60608‘Shrubbery’ sounds so unflattering for a pine; but mugo pine, Pinus mugo, is not really much of a tree. The tallest trees do not reach eaves. Most old trees are only a few feet tall and about twice as broad, with strictly rounded form, and dense forest green foliage. The stout paired needles are only about one or two inches long. The plump cones, which are rarely seen, are not much longer.

Although very rare in other types of landscapes, and originally from the Austrian and Italian Alps, mugo pine is one of the most popular and traditional features in Japanese gardens. Even though it grows very slowly, it should have enough room to do so without competing with other more aggressive plants that might overwhelm it. It should neither be shorn nor pruned back too aggressively.

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9 thoughts on “Mugo Pine

  1. A very fine specimen. I’ve gotten very interested in low-growing gymnosperms recently as where some road names will be linked to low forms of douglas fir (var. glauca), Cupressus macrocarpa Prostrata Green, and Pinus mugo Gnom. We also have P. mugo Mops which is a very cute little plant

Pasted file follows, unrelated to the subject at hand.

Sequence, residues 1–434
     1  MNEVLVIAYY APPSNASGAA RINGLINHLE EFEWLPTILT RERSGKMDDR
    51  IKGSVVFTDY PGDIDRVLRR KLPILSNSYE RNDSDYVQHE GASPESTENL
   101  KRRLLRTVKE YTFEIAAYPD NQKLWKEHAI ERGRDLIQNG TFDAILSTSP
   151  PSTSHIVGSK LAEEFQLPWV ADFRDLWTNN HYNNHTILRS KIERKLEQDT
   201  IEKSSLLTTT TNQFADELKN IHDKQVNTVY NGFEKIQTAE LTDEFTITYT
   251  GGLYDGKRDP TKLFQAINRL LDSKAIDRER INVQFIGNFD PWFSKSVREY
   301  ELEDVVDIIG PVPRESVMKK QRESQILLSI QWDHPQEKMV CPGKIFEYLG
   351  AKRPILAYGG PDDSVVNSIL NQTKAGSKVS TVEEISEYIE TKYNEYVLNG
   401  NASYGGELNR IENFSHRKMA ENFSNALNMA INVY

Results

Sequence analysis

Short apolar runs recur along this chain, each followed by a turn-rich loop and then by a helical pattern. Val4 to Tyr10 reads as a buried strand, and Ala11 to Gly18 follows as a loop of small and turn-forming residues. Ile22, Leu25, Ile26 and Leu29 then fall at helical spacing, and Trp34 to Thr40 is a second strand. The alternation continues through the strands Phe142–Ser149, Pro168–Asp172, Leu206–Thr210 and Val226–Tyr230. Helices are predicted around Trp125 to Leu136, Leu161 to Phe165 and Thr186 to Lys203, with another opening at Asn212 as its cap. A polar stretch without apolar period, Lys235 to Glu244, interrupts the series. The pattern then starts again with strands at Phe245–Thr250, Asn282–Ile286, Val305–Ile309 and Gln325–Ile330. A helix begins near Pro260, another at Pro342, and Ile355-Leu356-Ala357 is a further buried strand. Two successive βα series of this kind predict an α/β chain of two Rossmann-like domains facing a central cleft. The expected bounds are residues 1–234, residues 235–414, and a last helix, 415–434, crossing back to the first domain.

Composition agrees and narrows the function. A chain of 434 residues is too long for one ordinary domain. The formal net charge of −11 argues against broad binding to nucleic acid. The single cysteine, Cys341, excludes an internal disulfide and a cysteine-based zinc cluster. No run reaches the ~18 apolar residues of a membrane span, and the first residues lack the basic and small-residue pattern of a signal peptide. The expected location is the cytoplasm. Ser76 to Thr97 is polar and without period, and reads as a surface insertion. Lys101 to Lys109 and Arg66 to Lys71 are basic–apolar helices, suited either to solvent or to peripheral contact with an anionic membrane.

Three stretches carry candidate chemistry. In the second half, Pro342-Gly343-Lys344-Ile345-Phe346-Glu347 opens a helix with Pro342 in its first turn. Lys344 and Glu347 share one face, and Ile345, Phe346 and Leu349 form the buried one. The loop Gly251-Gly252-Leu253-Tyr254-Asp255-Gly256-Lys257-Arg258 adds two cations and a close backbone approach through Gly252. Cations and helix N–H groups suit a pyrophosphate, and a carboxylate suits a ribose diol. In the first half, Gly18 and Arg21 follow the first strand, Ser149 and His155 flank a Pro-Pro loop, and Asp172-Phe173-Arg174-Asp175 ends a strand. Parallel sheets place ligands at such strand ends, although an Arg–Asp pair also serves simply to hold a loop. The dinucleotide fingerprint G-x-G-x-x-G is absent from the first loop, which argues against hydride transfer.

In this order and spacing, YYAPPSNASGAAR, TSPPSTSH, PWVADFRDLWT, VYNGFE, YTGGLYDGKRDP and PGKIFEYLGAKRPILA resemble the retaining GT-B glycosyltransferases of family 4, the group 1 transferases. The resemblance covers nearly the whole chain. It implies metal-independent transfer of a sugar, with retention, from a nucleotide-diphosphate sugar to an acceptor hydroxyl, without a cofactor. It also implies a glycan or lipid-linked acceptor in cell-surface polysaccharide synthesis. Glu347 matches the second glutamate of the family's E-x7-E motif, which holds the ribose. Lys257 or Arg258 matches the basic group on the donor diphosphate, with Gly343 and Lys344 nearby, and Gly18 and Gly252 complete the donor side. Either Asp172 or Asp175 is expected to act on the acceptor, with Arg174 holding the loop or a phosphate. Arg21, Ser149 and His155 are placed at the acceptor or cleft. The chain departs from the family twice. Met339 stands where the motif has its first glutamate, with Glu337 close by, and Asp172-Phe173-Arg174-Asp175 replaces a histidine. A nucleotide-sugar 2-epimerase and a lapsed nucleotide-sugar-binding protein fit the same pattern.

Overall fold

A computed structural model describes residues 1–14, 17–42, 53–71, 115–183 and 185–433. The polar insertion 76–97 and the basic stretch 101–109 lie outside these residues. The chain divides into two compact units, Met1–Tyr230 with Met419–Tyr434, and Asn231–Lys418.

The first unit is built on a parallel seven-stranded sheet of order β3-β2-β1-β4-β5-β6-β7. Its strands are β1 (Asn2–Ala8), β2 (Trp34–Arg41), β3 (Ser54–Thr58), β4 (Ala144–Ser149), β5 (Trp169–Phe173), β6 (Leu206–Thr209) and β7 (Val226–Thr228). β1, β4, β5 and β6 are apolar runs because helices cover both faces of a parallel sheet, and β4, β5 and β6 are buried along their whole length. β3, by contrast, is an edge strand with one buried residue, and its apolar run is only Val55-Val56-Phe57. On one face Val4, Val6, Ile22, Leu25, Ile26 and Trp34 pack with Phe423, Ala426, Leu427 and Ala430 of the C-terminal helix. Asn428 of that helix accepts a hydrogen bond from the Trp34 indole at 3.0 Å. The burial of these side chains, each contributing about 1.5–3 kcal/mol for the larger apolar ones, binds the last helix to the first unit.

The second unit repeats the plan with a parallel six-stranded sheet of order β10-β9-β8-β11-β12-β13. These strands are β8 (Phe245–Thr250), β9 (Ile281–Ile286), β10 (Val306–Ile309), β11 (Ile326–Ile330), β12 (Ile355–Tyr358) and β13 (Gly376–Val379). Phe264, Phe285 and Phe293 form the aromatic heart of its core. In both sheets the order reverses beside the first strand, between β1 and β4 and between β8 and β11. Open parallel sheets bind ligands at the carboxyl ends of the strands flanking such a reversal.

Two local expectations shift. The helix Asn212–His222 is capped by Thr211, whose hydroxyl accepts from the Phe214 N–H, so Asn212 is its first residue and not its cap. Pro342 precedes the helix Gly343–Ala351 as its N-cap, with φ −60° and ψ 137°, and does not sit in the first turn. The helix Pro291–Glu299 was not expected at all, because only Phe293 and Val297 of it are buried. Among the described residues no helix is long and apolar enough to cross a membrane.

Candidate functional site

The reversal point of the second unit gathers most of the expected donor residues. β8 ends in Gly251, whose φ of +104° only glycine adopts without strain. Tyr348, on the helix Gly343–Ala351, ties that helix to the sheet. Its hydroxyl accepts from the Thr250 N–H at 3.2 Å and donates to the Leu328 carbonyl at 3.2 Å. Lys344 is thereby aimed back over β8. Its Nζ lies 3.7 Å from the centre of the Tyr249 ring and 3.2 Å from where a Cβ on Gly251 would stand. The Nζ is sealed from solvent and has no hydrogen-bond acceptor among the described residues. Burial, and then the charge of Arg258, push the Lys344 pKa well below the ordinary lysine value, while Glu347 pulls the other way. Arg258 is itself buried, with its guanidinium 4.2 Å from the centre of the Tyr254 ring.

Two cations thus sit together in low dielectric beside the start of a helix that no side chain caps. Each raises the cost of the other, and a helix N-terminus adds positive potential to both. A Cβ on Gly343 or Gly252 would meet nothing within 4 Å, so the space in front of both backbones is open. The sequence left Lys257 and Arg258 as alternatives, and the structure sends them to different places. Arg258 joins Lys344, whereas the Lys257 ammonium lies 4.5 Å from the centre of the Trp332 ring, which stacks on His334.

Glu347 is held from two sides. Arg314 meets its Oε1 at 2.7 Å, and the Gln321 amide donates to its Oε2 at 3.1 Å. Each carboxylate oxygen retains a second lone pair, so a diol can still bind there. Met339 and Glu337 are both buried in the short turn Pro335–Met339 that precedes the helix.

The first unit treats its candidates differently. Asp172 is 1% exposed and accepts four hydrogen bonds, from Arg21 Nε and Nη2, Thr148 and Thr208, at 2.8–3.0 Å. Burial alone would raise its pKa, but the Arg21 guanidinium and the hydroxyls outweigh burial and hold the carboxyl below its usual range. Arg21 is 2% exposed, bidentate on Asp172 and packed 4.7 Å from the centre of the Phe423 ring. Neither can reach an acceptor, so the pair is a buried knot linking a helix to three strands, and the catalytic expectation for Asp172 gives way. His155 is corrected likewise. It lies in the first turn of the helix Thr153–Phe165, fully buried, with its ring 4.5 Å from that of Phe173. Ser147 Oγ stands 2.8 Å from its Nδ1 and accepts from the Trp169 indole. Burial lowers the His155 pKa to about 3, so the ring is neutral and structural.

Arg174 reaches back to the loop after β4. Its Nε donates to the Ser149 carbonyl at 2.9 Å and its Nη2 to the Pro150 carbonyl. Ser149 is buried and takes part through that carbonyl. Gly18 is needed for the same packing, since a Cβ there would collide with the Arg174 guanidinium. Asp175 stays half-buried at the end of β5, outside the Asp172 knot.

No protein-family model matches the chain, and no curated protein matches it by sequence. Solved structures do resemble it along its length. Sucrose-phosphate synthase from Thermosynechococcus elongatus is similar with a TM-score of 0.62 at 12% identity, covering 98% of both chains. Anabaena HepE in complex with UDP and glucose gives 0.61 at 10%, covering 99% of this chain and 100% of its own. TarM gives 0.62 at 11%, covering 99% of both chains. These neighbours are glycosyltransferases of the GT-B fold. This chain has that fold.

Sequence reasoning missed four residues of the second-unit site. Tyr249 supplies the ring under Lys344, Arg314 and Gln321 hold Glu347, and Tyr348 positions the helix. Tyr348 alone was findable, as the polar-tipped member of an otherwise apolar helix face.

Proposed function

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      1. Yes, I remember the big signs, but I do not remember cultivar names. Cultivar names would be weird for road names. Cypress, Monterey and Oregon are cool names, although they seem a bit out of place for your region. I probably mentioned earlier that We are just across the Monterey Bay from the natural range of the Monterey cypress and the Monterey pine, and another colony of Monterey pine is just to the North up the coast.

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  2. I’ve been thinking about trying one for some time. But the question of shade is my concern too. It also looks to have a good spread so maybe it’s too big. Still, it was good to see your post of it.

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    1. It takes many years for it to get just six feet wide. Although partial shade limits foliar density and interferes with symmetry, it is not necessarily unhealthy for mugo pine, and would be no problem if you prefer an irregularly structured and sculptural specimen.

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